So,again my basic question remain unanswered. "Why should we apply the sign convention two times?"
If you apply the other convention - that is distances for real object and real images as positive, we don't face any problem.
 
  • #4


If I understand you and your example from Post #1, then:

u = -45 cm
v = 90 cm
f = 30 cm​

Is it true that 1/f = 1/v - 1/u?

1/30 = 1/90 - 1/(-45) ?
1/30 = 1/90 - (-1/45) ?
0.0333... = 0.0111... - (-0.0222...) ?
0.0333... = 0.0111... + 0.0222... ?
0.0333... = 0.0333... ?​

Yes, it does.

If I have misunderstood your example, please clarify.
 
  • #5


Redbelly98 said:
If I understand you and your example from Post #1, then:

u = -45 cm
v = 90 cm
f = 30 cm​

Is it true that 1/f = 1/v - 1/u?

1/30 = 1/90 - 1/(-45) ?
1/30 = 1/90 - (-1/45) ?
0.0333... = 0.0111... - (-0.0222...) ?
0.0333... = 0.0111... + 0.0222... ?
0.0333... = 0.0333... ?​

Yes, it does.

If I have misunderstood your example, please clarify.

Thank you Redbelly, for your sincere efforts. My doubt is not about solving the above problem. Any way, if I have confused you, I am sorry.
 
  • #6


this one had me puzzled too. it appears that the sign convention used in the lens equation has an alternative to the one I learned many years ago.

http://www.practicalphysics.org/go/Guidance_122.html;jsessionid=alZLdQlAHb1?topic_id=2&guidance_id=1 [Broken] for details.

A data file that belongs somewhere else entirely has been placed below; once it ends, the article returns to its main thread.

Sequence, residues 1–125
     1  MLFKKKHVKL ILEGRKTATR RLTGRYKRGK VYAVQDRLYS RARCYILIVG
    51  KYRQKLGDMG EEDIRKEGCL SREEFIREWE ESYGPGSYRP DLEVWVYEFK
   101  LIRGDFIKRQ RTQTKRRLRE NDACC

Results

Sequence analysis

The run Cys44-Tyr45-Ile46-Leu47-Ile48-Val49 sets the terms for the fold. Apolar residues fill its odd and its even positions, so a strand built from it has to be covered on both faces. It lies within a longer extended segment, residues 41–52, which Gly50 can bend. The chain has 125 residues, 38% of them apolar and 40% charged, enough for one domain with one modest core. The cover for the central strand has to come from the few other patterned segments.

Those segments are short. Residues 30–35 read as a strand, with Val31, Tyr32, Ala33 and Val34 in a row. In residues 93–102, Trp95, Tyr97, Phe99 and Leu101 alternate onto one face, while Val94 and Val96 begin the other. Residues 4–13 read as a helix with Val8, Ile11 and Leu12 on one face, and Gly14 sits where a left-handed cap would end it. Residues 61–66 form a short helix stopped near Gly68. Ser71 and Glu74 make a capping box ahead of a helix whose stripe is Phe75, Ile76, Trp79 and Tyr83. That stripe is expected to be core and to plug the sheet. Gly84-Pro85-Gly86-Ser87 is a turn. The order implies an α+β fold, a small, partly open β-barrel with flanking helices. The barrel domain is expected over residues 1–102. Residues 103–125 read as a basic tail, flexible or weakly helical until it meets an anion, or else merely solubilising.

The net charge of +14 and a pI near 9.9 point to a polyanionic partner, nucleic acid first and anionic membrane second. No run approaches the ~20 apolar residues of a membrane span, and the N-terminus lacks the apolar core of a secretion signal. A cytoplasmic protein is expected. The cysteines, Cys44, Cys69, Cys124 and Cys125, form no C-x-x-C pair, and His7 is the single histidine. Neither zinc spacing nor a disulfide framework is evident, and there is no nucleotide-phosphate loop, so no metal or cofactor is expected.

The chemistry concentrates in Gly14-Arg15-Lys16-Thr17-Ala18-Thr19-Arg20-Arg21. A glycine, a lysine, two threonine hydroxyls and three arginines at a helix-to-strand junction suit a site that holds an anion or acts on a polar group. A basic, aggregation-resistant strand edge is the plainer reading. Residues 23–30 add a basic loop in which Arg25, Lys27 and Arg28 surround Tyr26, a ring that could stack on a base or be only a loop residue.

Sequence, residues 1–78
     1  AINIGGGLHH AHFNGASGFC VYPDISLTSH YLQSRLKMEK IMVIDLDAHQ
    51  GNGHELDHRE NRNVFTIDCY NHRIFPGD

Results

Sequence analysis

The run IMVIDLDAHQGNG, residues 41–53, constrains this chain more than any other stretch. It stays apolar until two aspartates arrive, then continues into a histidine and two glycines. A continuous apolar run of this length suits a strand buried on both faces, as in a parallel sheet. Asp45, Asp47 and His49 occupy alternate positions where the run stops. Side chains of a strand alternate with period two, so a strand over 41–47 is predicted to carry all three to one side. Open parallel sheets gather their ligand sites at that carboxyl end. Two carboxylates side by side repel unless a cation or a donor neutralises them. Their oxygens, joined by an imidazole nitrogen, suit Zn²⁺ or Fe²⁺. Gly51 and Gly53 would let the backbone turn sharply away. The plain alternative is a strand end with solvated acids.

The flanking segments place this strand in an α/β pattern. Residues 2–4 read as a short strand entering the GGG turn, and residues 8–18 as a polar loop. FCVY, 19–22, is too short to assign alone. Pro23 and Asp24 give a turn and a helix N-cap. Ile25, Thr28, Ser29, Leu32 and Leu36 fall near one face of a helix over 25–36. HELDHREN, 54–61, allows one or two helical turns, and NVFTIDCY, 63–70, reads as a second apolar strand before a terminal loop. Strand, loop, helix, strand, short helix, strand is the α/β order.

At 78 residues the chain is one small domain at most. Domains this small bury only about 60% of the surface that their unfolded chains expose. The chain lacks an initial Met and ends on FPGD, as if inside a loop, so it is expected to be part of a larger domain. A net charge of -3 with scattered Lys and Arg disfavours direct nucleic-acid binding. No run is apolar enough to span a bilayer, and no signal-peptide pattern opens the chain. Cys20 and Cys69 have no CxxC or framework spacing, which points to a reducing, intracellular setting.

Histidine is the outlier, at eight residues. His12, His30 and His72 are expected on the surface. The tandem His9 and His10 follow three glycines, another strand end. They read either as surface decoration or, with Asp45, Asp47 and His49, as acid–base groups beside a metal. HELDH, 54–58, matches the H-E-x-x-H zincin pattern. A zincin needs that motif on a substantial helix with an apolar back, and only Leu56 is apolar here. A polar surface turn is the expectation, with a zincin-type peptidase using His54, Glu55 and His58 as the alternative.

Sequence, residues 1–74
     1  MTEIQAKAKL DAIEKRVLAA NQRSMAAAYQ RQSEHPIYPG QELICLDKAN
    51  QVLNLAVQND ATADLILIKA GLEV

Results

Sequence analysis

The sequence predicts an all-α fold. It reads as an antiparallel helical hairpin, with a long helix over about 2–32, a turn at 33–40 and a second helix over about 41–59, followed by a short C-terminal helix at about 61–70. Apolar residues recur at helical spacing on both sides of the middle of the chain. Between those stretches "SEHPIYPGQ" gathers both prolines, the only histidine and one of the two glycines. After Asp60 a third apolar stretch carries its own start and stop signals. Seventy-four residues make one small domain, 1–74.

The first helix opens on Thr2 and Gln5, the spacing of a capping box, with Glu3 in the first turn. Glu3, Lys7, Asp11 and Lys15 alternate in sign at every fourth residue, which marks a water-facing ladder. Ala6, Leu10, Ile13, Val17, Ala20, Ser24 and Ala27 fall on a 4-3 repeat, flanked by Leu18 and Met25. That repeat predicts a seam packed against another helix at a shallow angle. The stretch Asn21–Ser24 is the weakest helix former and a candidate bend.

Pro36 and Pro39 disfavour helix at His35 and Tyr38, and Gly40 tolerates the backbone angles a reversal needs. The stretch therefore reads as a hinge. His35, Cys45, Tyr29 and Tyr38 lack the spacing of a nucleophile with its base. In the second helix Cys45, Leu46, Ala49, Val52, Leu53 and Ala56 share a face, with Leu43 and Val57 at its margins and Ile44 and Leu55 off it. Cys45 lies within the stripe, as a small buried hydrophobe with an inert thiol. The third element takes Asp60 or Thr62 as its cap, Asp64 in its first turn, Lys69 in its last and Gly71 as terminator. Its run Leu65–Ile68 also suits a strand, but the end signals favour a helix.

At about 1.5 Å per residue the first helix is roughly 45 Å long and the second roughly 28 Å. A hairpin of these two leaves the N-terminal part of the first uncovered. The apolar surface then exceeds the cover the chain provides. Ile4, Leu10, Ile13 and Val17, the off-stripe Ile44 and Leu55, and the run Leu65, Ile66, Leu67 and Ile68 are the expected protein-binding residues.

Where it might get fun is that I have no idea how widespread the change is.

====

On a personal note, as much as adding "curvature" seems like a nice approach I don't care for it as it sacrifices the symetry inherent in optics where the light path can be reversed and nothing changes beyond the trivial exchange of u and v.
 
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1. What is the lens formula for a convex lens?

The lens formula for a convex lens is 1/f = 1/v - 1/u, where f is the focal length, v is the distance of the image from the lens, and u is the distance of the object from the lens.

2. How is the lens formula derived for a convex lens?

The lens formula for a convex lens is derived using the thin lens equation, which states that 1/f = 1/v + 1/u. This equation is based on the principles of refraction and can be derived using the laws of refraction and the geometry of a convex lens.

3. Why is the lens formula important for a convex lens?

The lens formula is important because it allows us to calculate the position and size of an image formed by a convex lens, as well as the magnification of the image. It is also used in the design and construction of optical instruments such as cameras and telescopes.

4. Can the lens formula be used for other types of lenses?

Yes, the lens formula can be used for any type of thin lens, including concave lenses. However, the sign convention for distances (positive for real objects and images, negative for virtual objects and images) may differ depending on the type of lens being used.

5. What are some common applications of the lens formula for a convex lens?

The lens formula for a convex lens is used in many practical applications, including eyeglasses, microscopes, projectors, and magnifying glasses. It is also essential in the study of optics and the behavior of light in different mediums.